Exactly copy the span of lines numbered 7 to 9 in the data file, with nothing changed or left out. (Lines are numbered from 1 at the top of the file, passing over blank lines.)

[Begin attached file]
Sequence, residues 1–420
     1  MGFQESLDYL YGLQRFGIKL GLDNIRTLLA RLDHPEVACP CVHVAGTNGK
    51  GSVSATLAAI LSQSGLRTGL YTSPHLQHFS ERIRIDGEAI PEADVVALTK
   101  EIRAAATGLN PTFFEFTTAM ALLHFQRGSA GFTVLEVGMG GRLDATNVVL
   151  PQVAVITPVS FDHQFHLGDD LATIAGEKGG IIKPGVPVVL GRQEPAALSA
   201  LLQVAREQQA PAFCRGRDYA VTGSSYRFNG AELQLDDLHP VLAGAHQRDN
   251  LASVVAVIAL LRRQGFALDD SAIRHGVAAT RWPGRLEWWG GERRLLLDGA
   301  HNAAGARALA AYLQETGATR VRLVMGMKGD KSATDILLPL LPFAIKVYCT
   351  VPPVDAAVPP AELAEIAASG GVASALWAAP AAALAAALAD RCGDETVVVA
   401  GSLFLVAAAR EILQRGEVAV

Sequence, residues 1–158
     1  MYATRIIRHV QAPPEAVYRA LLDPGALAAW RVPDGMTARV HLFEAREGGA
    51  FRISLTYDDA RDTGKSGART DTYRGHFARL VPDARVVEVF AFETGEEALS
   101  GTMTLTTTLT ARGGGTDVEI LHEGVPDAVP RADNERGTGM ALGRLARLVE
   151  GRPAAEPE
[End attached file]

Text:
   251  LASVVAVIAL LRRQGFALDD SAIRHGVAAT RWPGRLEWWG GERRLLLDGA
   301  HNAAGARALA AYLQETGATR VRLVMGMKGD KSATDILLPL LPFAIKVYCT
   351  VPPVDAAVPP AELAEIAASG GVASALWAAP AAALAAALAD RCGDETVVVA